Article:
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So, what about sustainability?

Overfishing is a serious problem globally — however, Australian fisheries have been internationally recognised as among the best-managed in the world. Both state and commonwealth legislation requires that our fisheries be sustainable and that the environmental impacts of fishing activities be regularly assessed. Stocks of even previously overfished species continue to increase under careful supervision, with recovery plans for such species mandatory.

To keep it simple, one of the best ways to be sure you're buying sustainable seafood is to buy Australian. And some of the freshest you'll find? At the Sydney Fish Market, of course. It's also worth taking note how many people you're feeding so you can stock up on the right amount and avoid unnecessary waste.

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I want to put on a seafood spread but don't know where to start. Help!

There are two types of seafood shoppers: those who have specific seafood in mind, and those who do not.

If you're open to ideas, start with a cooking method you'd like to explore and get the fishmonger to suggest something that suits. However, if you're following a specific recipe, make sure you order exactly what you need — or ask one of the experts to offer alternatives if your first option is unavailable.

Remember, a seafood spread doesn't have to be expensive to be impressive. If you've got cash to splash, try a crustacean (lobster, bugs or crab), a whole fish for a centrepiece and classic crowd favourites like oysters, octopus or prawns. However, if you're working within a tighter budget, there are still plenty of options. The price of more popular fish such as barramundi, salmon and snapper go up slightly around Christmas in response to demand, but lesser-known species like gurnard, flounder and eastern school whiting are just as delicious, readily available and can be significantly cheaper.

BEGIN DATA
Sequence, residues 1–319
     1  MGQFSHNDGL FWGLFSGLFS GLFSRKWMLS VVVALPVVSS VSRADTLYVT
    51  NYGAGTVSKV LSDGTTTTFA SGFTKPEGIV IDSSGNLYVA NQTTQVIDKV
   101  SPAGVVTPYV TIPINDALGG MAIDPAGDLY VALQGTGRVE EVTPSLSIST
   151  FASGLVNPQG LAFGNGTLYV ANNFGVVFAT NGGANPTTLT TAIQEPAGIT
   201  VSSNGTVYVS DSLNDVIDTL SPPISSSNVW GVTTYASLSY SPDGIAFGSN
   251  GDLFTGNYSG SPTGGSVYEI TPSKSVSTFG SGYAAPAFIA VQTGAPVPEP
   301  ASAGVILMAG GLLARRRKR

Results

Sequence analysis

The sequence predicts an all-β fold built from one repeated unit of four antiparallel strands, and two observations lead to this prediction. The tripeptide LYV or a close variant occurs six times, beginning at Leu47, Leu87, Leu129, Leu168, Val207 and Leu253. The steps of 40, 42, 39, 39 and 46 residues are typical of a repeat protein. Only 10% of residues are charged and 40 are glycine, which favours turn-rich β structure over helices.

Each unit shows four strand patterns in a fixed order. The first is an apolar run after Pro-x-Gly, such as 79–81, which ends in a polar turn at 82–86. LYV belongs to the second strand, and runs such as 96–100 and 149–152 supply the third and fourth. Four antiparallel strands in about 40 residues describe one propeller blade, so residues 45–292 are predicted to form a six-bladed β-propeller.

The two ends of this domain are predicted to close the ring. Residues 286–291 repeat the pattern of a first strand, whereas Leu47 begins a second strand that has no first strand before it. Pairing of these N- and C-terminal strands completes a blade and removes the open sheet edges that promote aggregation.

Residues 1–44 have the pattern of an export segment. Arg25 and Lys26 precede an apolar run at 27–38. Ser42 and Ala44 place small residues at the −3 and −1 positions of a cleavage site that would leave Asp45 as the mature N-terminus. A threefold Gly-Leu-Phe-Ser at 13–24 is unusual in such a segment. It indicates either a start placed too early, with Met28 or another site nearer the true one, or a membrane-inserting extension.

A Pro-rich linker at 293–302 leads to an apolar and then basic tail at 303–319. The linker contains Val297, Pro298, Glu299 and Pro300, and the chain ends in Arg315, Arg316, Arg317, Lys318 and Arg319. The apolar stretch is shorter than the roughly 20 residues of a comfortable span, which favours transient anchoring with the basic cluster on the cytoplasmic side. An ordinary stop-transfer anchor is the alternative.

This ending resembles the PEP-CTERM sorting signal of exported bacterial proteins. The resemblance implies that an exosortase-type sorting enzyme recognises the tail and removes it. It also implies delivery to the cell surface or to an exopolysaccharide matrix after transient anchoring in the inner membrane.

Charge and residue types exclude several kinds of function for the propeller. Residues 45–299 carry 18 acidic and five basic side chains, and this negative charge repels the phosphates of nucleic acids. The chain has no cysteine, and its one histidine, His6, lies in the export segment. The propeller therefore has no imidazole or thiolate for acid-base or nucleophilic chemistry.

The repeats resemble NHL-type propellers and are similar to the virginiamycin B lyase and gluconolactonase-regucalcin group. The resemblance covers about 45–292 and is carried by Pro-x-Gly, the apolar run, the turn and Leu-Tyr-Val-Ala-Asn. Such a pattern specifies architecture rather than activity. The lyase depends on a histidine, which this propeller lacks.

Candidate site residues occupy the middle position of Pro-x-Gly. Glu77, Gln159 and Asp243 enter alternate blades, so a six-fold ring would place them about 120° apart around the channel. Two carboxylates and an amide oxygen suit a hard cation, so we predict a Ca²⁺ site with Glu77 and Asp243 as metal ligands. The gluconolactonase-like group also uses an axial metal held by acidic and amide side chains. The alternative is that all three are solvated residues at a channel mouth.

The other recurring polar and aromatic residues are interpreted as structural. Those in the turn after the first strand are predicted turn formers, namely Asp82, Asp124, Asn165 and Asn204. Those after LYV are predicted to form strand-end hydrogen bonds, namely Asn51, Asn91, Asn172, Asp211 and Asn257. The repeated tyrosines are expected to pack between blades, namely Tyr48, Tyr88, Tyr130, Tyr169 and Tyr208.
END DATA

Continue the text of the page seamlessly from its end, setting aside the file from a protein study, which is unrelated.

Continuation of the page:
The perfect Christmas seafood spread should balance both temperature and flavour. This will satisfy guests without overwhelming them in the height of the summer heat. Regardless of budget, all you really need is two hot dishes and two cold.

The final thing to consider for a truly stellar festive spread is all the extras — think salads, sides and small, simple seafood snacks.

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What's the best way to cook my seafood?

Sunny weather is barbecue weather. And fortunately, for those who fear fudging up their fish, the barbie is one of the easiest ways to prepare seafood. As a general rule, firm fish prefer direct contact with the grill or hotplate as they can hold together well, allowing the heat to penetrate their often thicker flesh. Working with more delicate species? Try wrapping your fish in foil and barbecuing them with the lid down to avoid direct heat.

If you've gotten this far but you're still struggling to figure out the difference between pan-frying and poaching and want to work out whether your bream is better off baked or boiled, it might be time to take your cues from the professionals. Enter: the Sydney Seafood School Sumer Series. With lessons led by some of Australia's most celebrated chefs and favourite foodies, it won't take you long to o-fish-ially (you know we had to) achieve superstar seafood expert status.

Check out the full range of classes on offer at the Sydney Seafood School Sumer Series and make the move from seafood amateur to expert this season.

Published on November 29, 2022 by Marie-Antoinette Issa